he Kyoto Protocol has not reduced emissions of greenhouse gases noticeably. The targets were too low, applied only to certain countries, and have been rendered meaningless by loopholes. Many governments that enthuse about the treaty and want a successor are not going to meet the reduction targets that they signed up to in Kyoto. Even if it is real, man-made climate change is just one problem among many facing the world’s rich and poor alike. Governments and societies should respond proportionately, not pretend that climate is a special case. Poorer countries should not be forced to constrain their emissions and therefore their economic growth, as they will be under a Copenhagen treaty. Some economists believe that a warmer climate would, on balance, improve lives.

Counter

Arguments over the Kyoto Protocol are outside the realms of science, although it certainly has not reduced greenhouse gas emissions as far or as fast as the IPCC indicates is necessary. The latest IPCC Working Group 2 report suggest that the impact of man-made climate change will on balance be deleterious, particular to the poorer countries of the tropics, although colder regions may see benefits such as increased crop yields. Investment in energy efficiency, new energy technologies and renewables are likely to benefit the developing world. A Copenhagen treaty would not force emission constraints on the world’s poorest countries – in fact, it will funnel money to them for technology and climate protection, helping clean growth. More affluent developing countries – including China – will have to constrain their emissions growth but they agreed to this at the 2007 Bali summit

THE DEBATE CONTINUES ONLINE …….

A selection of web sites and blogs.

IPCC

UN climate convention

British Antarctic Survey

Climate Audit

Climatic Research Unit,

Nasa Goddard Institute for Space Studies

realclimate.org

Science and Environmental Policy Project

UK Met Office

Hadley Centre National Oceanic and Atmospheric Administration

UN Environment Programme data centre

US National Snow and Ice Data Center

World Meteorological Organization

Brave New Climate

Climate Change: The Next Generation

Climate Debate Daily

Climate Sanity

CO2 Science

Deltoid – global warming

Grist – climate and energy

James’ Empty Blog

Roger Pielke Jr.’s Blog

New Scientist – climate


Human Rights Day – Embrace Diversity, End Discrimination

Human Rights Day 2009 focuses on ending discrimination, under the theme Embrace Diversity, End Discrimination.

“Discrimination lies at the root of many of the world’s most pressinghuman rights problems. No country is immune from this scourge. Eliminating discrimination is a duty of the highest order,” said Navi Pillay, U. N. High Commissioner for Human Rights. ““Our main objective is to help promote discrimination-free societies and a world of equal treatment for all,” she said.

The High Commissioner encouraged people everywhere to join hands in celebration of Human Rights Day to speak out and act to advocate non-discrimination and raise awareness in their local communities.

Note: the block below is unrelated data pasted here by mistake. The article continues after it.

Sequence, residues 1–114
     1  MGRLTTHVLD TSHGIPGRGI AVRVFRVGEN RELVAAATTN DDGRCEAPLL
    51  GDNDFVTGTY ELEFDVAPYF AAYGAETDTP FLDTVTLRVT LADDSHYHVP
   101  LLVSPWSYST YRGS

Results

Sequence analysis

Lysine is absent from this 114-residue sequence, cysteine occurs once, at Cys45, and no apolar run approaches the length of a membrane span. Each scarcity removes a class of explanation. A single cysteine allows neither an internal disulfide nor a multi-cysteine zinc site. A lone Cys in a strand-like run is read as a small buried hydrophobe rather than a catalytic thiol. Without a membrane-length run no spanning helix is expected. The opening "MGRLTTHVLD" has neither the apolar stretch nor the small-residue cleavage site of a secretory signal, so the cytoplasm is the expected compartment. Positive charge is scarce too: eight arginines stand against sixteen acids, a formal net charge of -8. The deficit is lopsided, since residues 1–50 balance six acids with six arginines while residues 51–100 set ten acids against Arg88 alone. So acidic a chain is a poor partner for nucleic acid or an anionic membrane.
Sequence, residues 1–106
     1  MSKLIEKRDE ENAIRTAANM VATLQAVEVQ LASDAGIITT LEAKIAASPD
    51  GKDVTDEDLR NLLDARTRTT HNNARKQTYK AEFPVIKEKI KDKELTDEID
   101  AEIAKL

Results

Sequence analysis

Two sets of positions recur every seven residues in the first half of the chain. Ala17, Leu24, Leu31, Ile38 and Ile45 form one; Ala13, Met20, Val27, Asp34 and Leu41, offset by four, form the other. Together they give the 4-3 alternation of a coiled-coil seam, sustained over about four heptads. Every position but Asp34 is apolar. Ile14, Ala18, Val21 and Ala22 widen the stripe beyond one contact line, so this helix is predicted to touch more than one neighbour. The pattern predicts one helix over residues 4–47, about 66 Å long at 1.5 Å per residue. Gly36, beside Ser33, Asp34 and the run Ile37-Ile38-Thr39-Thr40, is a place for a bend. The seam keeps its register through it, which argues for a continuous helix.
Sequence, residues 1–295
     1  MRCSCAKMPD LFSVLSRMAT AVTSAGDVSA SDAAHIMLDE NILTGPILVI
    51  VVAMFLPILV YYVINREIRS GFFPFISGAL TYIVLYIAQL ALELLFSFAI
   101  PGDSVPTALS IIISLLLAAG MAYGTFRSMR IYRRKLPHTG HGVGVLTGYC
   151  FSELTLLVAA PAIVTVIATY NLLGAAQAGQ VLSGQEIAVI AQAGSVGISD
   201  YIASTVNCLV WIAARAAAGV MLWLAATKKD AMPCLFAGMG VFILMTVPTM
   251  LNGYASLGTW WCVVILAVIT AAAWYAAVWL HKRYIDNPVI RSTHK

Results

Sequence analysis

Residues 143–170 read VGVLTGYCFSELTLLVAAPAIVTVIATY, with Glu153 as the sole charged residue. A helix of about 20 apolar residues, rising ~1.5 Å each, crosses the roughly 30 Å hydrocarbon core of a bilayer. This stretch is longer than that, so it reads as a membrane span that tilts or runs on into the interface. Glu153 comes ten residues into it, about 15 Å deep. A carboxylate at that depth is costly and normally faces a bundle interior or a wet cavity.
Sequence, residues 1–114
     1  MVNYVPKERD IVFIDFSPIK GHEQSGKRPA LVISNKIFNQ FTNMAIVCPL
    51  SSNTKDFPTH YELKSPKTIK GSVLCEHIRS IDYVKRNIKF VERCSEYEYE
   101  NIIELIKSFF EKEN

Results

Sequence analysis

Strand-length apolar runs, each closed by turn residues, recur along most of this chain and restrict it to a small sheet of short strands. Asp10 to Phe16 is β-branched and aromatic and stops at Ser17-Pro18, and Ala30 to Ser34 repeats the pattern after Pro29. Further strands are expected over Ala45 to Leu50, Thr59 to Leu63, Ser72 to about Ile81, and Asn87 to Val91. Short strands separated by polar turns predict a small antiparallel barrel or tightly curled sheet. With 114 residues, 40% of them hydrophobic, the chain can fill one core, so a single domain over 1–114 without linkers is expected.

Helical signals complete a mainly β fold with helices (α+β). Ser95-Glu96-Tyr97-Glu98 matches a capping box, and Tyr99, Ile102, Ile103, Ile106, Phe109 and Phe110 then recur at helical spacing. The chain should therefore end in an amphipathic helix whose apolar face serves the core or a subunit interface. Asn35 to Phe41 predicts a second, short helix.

Universal Declaration of Human Rights

The Universal Declaration of Human Rights, adopted December 10, 1948 by the international community, has served as a beacon of hope. The Declaration has been translated into more than 360 languages. It holds the Guinness World Record for most translated document in the world.

“The extraordinary vision and determination of the drafters produced a document that for the first time set out universal human rights for all people in an individual context,” U. N. Secretary General Ban Ki-moon said.

Many countries have incorporated provisions of the Declaration into their Constitutions and laws. The principles of the Declarationform the basis of numerous actions taken by the nations of the world.

Join hands to end discrimination

All human rights work can be viewed through the non-discrimination lens. It prohibits discrimination on the basis of race, colour, gender, language, religion, political or other opinion, national or social origin, disability, property, birth or other status.

These stories describe its impact on peoples’ lives and the work everyone can support to end discrimination.

Quality Education for Indigenous Peoples

The enjoyment of the right to education is not fully realized for most indigenous peoples. The Expert Mechanism on the Rights of Indigenous Peoples says that without access to quality education indigenous communities will not be able to fully enjoy their rights. The Expert Mechanism is a group of five independent specialists who provide expertise on the rights of indigenous peoples to the Human Rights Council.

In their report to the Council on the right of indigenous peoples to education the experts say, “Deprivation of access to quality education is a major factor contributing to social marginalization, poverty and dispossession of indigenous peoples”.

The report makes the case that designing education programs for indigenous communities must take into account many factors that acknowledge the special needs of these communities. Indigenous students cannot be forced into mainstream education systems which do not integrate indigenous culture, it says.
An approach using a single model is inappropriate because of the diversity of indigenous peoples.